Reader objected to D-G using term "red man," and Paul Greenberg is feeling aggrieved | Arkansas Blog

Tuesday, June 16, 2015

Reader objected to D-G using term "red man," and Paul Greenberg is feeling aggrieved

Posted By on Tue, Jun 16, 2015 at 3:57 PM

Someone pointed out to me a Paul Greenberg column from this Sunday that I had missed, in which the D-G's editorial page editor expresses dismay that someone objected to an editorial that used the term "red man" to refer to Native Americans. 

The column grumbles (and grumbles, and grumbles) that the big, bad forces of political correctness are ruining things for those wizards of verbal creativity who really, really want to be able to use derogatory racial slurs without anyone getting in a tizzy. Just think of all the word play that will be lost! My stars! 

It is a small irony of this genre of column, which really amounts to its own cranky cottage industry, that writers ostensibly bemoaning an assault on language almost always descend into clichés. Is there a turn of phrase more stale than "Language Police?" Than "politically correct"?

Here's the thing: I think that writers should be free to use the language as they see fit. And I certainly don't think that common usage makes someone sexist. But as someone who writes publicly a lot, let me suggest that the columnists whining that they are being unjustly bullied and intimidated (Language Police Brutality?) are, uh, overstating the case. Here's Greenberg: 

As in the old Soviet Union, where dissenters, composers, and other politically unreliable types could never be sure they were following the party line. Since no one knew just what it was at any given time. So a Shostakovich or Babel could be hauled before a people’s court on any grounds or none at all. The object of the game was not to enforce any clear rule but to make all suspect. And fearful.

Anyone who prefers plain English just doesn’t understand the game. Dare stand up against the Language Police and you’re subject to being labeled a racist or sexist—and being bullied into submission. 

I can think of a few differences between this situation and totalitarian regimes, but let's ask ourselves, is Greenberg really being bullied into submission? It seems to me that he's … the editorial page editor of the statewide daily newspaper! The inspiration for this column was an email from a reader! When will the bullying and intimidation end? 

Greenberg's column meanders toward a lament that we're a "nation of victims" and a "nation of grievance collectors." It never, apparently, occurs to him that his own column is an exercise in grievance. The poor, pitiful victim: the writer who cannot handle the notion that readers might be offended by a tasteless joke flippantly using the term "red man." No one is censoring Greenberg, of course; but someone is criticizing him! It's just too much.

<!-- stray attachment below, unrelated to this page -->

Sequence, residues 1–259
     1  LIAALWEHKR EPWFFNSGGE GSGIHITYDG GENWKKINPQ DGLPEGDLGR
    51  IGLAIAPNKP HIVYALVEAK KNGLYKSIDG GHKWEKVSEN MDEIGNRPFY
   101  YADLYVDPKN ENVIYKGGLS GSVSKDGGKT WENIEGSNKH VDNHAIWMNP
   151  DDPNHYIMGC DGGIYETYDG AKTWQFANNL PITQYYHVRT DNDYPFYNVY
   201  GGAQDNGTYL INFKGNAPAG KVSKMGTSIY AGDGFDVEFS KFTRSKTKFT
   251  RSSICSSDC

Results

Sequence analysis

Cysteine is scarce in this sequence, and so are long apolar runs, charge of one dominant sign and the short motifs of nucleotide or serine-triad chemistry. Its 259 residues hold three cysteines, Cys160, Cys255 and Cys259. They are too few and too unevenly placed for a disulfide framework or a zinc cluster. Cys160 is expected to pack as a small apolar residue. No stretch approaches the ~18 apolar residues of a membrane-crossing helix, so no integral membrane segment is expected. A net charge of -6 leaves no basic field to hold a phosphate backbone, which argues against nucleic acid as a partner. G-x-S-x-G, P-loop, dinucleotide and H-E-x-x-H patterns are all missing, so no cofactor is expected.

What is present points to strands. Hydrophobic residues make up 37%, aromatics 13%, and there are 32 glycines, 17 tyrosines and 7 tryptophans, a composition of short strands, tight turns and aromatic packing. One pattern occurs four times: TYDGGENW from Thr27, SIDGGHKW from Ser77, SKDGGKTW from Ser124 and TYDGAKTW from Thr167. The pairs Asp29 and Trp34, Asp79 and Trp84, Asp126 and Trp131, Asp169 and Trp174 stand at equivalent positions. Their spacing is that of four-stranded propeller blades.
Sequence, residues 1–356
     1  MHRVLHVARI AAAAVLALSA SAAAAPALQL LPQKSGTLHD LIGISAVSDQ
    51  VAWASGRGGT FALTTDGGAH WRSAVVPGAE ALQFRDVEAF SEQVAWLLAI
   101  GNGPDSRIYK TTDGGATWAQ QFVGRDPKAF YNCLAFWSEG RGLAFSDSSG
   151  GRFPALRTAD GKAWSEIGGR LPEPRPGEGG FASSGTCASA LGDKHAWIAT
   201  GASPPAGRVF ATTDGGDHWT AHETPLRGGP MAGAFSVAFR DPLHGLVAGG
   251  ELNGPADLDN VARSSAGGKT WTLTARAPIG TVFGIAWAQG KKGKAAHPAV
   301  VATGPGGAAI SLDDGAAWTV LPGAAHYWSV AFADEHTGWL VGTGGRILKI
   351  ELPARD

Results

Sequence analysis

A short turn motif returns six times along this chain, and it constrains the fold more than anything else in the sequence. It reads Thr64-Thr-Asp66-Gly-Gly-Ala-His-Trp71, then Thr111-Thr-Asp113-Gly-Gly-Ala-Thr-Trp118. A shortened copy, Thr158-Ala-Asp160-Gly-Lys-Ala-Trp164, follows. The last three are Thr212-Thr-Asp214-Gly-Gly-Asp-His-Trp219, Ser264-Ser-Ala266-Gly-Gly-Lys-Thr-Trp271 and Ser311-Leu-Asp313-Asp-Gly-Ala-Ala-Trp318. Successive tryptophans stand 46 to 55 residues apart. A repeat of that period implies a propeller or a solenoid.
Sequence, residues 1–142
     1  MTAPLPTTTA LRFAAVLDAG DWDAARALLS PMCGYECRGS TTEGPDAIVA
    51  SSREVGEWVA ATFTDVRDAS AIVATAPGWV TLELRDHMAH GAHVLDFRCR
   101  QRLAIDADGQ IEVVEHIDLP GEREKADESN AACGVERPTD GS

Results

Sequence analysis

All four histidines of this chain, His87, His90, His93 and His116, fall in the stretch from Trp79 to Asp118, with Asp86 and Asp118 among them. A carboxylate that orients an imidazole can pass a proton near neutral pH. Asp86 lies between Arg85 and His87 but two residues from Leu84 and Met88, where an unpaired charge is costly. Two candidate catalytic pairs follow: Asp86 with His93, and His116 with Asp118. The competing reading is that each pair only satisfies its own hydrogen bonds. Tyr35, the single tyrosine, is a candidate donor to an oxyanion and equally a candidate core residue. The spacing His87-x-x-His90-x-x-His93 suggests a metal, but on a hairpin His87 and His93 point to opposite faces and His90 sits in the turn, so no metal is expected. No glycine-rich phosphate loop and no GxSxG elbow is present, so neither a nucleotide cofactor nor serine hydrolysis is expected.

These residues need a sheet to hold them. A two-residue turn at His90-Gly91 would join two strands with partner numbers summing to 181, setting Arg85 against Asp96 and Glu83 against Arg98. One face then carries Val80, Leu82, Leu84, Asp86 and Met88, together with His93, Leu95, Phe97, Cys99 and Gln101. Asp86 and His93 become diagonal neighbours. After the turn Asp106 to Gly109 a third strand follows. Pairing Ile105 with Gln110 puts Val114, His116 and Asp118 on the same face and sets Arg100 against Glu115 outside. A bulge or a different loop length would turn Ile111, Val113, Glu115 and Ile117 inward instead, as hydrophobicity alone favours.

The one thing Greenberg never bothers to do is address the original editorial. Here it is, in its entirety: 

In more Pulaski County news, its county judge—Barry Hyde—has written the federal Bureau of Indian Affairs opposing the Quapaw tribe’s proposal to put 160 acres of its land in the county into trust. The tribe claims to have no plans—at present—to build a casino on that tract of land. But in case it’s now the red man who speaks with forked tongue, its proposal for a land trust should be denied. The state already has enough ways for Arkansas’ most desperate and gullible to gamble away the rent money, including the notorious Arkansas Lottery.

When it comes to gambling in Arkansas, enough is more than enough, thank you.

Get it? Instead of "white man speaks with forked tongue," the supposed expression of indigenous peoples in America facing near genocide from European settlers and their decedents, it's now the red man who speaks with forked tongue. In his column, Greenberg writes, "here’s one old newspaperman who’s going to go on using plain English as best he can." I'd say this is less a matter of plain English and more a matter of poor taste. 

Would Greenberg, if he met a member of the Quapaw tribe, say, "Hey, red man!"? I bet he wouldn't, despite his "refus[al] to be intimidated." When terms become widely viewed as derogatory, most polite people have no trouble carrying on without them. I suspect that's why the column never gets around to defending the actual usage that offended (Greenberg half-pretends that maybe the reader was offended by the "man" part, artfully dodging any defense of the term "red man").

Does that leave plenty of room for provocation and satire and humor and blunt talk (not to mention honest misunderstandings)? Of course! But if a newspaper man or two decides that it's perhaps not worth using "red man" in service of a half-baked joke, I think the language will survive.

And some newspapermen, I suppose Greenberg among them, may choose to keep on shouting "red man" until they're red in the face. Delusions of martyrdom aside, that won't get them sent to the gulag, or censored, or bullied. It's just possible that some readers might decide that they're jerks. 

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